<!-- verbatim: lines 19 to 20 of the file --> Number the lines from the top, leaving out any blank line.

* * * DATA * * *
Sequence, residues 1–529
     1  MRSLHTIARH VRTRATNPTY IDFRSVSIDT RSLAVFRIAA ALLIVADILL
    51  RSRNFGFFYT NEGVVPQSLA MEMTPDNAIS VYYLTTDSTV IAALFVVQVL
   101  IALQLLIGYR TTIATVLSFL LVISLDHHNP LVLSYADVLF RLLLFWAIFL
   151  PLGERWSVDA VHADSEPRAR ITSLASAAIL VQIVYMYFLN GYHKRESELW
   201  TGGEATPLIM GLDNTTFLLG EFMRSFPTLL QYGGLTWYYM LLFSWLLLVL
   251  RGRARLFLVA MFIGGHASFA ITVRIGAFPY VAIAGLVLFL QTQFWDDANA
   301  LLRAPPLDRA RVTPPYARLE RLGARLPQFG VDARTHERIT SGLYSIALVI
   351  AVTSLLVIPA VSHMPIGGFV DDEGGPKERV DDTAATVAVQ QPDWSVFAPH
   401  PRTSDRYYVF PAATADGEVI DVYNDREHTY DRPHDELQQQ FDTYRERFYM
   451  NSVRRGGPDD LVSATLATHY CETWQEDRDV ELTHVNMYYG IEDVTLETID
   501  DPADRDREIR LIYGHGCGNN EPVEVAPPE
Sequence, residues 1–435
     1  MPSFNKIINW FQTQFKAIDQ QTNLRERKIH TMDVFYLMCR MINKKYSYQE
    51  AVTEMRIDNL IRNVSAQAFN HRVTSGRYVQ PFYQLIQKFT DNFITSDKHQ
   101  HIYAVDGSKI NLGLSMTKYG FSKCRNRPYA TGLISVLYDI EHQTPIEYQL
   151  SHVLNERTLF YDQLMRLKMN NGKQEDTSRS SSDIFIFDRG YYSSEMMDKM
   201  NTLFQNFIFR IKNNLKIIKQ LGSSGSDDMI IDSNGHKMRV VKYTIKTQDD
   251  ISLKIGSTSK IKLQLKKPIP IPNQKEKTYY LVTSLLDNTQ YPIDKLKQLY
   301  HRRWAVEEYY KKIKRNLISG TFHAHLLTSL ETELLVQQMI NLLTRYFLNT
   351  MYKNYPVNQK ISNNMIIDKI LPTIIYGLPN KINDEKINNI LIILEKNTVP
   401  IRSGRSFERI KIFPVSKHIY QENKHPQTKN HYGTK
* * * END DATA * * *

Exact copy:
   251  ISLKIGSTSK IKLQLKKPIP IPNQKEKTYY LVTSLLDNTQ YPIDKLKQLY
   301  HRRWAVEEYY KKIKRNLISG TFHAHLLTSL ETELLVQQMI NLLTRYFLNT